In past columns I described how Hero Wars handles character creation. The player writes a 100-words text about the character (it can be a narrative of past events pertaining to the character, the description of his features or something about the setting that has a relationship to the character, etc.). Next he selects from that narrative 10 items that will be used as descriptors (keywords in HW lingo). Finally, he assigns a numeric value to those selected descriptors that will be used in the resolution mechanics.

When I was thinking about HW a thought crossed my mind: "Why, if one did the same for action resolution? What if action resolution was based in writing down a description of the behaviour of the character, isolating in it the components, and assigning a quality to these that could fuel action resolution?"

Now, there are games that attempt to be narrative in their mechanics. Even HW is supposed to be narrative in the way it handles action resolution. Yet the examples I've seen -- including HW -- really fall short of their intentions.


Because the narrative is just for cosmetics. You see, it's just not enough to say: "Describe your attack as fancifully as you can, and roll for damage" or something similar. If, no matter how fancy your description, the end result is based on the roll or any other mechanical device, the description has no real impact in the game.

No, using the description as a modifier to the roll does not fit the bill either. This only means that the aesthetics of the narration is taken into account. What I want is something that takes the content in the description as the basis for action resolution.


Let's try to substantiate the previous thoughts. To do it it's better to pick examples from Mendes Pinto's book (and other books that influence TToMP), situations where we see the characters in action, and try to understand how it shapes any possible situation resolution mechanics.

1. "I readied everything needed for the treatment and moved right away to cure the wounded hand since it looked in a more precarious condition. I used seven stitches but if the treatment had been done by a surgeon's hand, maybe a lot less would be needed." Peregrinacao 137.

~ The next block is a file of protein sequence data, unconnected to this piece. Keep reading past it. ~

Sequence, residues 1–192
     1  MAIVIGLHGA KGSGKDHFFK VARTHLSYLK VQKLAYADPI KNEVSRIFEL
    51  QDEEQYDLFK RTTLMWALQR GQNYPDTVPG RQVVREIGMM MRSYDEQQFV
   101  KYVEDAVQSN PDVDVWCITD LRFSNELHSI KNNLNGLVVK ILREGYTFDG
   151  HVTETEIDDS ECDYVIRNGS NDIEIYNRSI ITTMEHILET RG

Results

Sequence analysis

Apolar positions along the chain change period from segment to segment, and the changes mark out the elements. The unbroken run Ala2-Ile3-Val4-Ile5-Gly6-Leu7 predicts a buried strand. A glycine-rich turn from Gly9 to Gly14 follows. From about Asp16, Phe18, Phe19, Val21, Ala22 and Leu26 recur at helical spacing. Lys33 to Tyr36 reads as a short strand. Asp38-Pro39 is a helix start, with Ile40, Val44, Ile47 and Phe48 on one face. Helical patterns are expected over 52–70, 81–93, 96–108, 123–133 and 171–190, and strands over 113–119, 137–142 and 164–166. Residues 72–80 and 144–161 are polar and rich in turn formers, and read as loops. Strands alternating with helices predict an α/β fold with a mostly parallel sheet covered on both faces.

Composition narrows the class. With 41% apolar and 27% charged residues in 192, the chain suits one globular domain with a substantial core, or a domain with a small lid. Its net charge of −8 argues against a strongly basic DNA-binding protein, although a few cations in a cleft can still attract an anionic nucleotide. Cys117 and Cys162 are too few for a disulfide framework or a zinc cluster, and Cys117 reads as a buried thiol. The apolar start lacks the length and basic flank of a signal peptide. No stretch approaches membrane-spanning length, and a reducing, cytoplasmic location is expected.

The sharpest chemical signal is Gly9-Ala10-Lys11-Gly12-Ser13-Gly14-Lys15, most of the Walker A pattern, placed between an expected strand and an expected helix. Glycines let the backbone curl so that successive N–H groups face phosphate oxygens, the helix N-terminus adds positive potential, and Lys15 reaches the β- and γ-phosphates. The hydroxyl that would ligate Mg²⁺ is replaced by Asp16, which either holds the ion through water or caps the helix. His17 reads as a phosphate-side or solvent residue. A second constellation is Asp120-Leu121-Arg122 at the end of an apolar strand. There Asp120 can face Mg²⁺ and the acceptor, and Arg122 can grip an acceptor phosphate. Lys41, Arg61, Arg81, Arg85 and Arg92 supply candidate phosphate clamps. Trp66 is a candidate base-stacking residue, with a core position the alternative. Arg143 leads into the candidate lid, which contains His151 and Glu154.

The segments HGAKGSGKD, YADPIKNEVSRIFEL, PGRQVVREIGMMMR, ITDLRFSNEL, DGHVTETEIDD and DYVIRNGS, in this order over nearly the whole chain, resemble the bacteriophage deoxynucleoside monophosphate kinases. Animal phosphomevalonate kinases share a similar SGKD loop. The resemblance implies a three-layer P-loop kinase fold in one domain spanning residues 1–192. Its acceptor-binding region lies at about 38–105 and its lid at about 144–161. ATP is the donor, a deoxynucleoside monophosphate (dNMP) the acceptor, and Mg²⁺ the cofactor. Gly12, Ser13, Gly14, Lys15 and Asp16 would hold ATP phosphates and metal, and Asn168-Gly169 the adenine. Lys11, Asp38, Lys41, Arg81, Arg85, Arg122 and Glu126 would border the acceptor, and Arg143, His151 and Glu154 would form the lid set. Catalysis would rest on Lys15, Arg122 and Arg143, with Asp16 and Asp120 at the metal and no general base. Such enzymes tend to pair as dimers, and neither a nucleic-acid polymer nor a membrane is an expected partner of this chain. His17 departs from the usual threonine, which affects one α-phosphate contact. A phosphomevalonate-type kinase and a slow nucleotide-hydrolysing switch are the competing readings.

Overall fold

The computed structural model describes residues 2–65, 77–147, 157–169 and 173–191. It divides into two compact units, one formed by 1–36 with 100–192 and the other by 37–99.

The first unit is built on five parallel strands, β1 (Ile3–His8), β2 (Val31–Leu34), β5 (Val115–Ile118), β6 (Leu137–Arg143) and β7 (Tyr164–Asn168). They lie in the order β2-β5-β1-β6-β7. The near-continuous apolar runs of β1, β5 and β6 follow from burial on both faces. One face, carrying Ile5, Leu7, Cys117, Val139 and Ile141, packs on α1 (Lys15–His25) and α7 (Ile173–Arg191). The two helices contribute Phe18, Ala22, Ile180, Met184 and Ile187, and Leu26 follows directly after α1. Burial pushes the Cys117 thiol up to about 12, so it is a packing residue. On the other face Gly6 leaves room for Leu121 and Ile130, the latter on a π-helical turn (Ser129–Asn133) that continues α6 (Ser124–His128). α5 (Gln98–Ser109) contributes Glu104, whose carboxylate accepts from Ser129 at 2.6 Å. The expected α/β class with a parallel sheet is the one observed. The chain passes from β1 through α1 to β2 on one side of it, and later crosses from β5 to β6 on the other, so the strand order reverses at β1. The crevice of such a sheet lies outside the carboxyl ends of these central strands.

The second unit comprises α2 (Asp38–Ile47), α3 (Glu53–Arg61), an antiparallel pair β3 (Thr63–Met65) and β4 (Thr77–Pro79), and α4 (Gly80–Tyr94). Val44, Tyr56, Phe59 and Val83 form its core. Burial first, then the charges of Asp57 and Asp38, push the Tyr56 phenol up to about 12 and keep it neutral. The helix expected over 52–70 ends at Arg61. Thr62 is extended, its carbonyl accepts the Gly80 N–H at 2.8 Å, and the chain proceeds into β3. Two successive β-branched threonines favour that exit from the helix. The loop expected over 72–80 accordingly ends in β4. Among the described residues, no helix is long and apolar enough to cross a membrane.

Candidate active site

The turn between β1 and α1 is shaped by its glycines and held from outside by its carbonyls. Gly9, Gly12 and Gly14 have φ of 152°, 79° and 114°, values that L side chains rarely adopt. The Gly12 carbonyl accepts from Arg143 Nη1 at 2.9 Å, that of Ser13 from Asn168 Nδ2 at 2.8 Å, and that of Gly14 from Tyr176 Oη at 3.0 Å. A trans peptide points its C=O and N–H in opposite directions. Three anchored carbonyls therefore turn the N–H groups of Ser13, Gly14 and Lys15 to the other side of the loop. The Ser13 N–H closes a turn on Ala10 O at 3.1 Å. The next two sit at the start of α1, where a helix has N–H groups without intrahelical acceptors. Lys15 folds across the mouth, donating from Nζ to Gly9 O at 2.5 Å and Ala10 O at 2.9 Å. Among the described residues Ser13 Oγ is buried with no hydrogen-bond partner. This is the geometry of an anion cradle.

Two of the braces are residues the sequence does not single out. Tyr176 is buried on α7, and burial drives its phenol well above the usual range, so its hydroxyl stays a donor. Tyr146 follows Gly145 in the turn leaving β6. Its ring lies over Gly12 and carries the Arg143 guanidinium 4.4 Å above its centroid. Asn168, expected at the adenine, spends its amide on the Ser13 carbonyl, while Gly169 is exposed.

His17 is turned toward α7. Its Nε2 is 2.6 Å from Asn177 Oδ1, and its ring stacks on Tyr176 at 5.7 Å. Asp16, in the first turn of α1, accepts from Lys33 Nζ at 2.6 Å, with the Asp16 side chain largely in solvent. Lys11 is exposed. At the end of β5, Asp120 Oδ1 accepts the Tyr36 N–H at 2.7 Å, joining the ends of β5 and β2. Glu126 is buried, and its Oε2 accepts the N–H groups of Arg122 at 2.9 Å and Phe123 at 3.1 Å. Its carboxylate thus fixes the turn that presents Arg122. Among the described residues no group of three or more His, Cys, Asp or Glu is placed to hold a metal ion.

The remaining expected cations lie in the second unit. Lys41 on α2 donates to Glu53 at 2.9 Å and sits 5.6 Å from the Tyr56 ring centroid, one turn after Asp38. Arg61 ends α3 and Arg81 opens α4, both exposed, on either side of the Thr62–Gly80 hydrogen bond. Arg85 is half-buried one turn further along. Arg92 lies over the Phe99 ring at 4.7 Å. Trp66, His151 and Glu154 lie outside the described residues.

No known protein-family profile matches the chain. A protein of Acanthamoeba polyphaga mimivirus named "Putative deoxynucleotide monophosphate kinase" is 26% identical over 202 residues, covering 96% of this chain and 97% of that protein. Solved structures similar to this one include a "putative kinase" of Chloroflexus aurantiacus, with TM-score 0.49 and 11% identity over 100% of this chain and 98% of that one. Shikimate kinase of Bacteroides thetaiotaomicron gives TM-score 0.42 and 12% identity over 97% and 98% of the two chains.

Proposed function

"[The Preste Joao] told [the Portuguese] to start a mock fight with sword and shield. The [Portuguese] Ambassador ordered two of his companions to comply with the request. There was skill in their exchange of blows, but not to the standard he wanted to display. So when the Preste requested other men to step forward, the Ambassador told Jorge de Abreu that it was for them to take the ground, swords and shields in hand. They fought as well as is to be expected from people of their quality, trained and raised in war and weapons." P. Francisco Alvares, 'True Account on the Land of the Preste Joao das Indias', Chapter LXXVI.

"Given that we were deprived of a pilot, the northeast winds stroke our sails, the water currents run against us, we chanced around for twenty-three heavily worked days, sailing from one direction to the other." TToMP 132

"By graduation I put on record all of this coast according to the regiment given to me, its ports and rivers identified by their names, their distances and depth measured." TToMP 20

What do all these situations tell us? First, that ability and training matter. How they matter is something that can only result from the way that abilities are framed.

Second, that action is fast and described at a stroke of the pen. Only the essence is there.

2. "... two among the nine of us happened to cross words on which of their respective parentages could find better pension at the house of our lord the King ... such was their anger that one hit the other with a big slap and received in exchange a slash from a dagger that cut down half of his face. The wounded responded by reaching for a halberd and maiming the arm of his offender. Eventually we all got involved in this quarrel sparked by such an unfortunate argument, to the point that seven of us were badly wounded when the Chaem arrived with all the Anchacis of the Justice. They took us in their hands and gave us thirty slashes on the spot, thus bleeding us more extensively than from the wounds we inflicted to ourselves." TToMP 115

"And [Antonio de Faria de Sousa] charged into Coja Acem with the ardour and zeal of the Faith of one that wished him well. He hit the latter with his two-handed sword, a slash down the head that cut through the chainmail coif of the pirate and knocked him to the ground. Slashing again, he severed both the legs of his enemy so that he could raise no more. Perceiving this, the followers of Coja Acem yelled to the end of their breath. Some five or six charged into Antonio de Faria with such a resolve and daring that, ignoring the thirty Portuguese that surrounded the captain, twice had him stabbed and almost knocked him down. Our men, incited by Our Lord Jesus, hasted in succour and in less than two creeds slew forty-eight enemies, right there on top of Coja Acem. Fourteen were our dead, five of them Portuguese, the remaining slaves." TToMP 59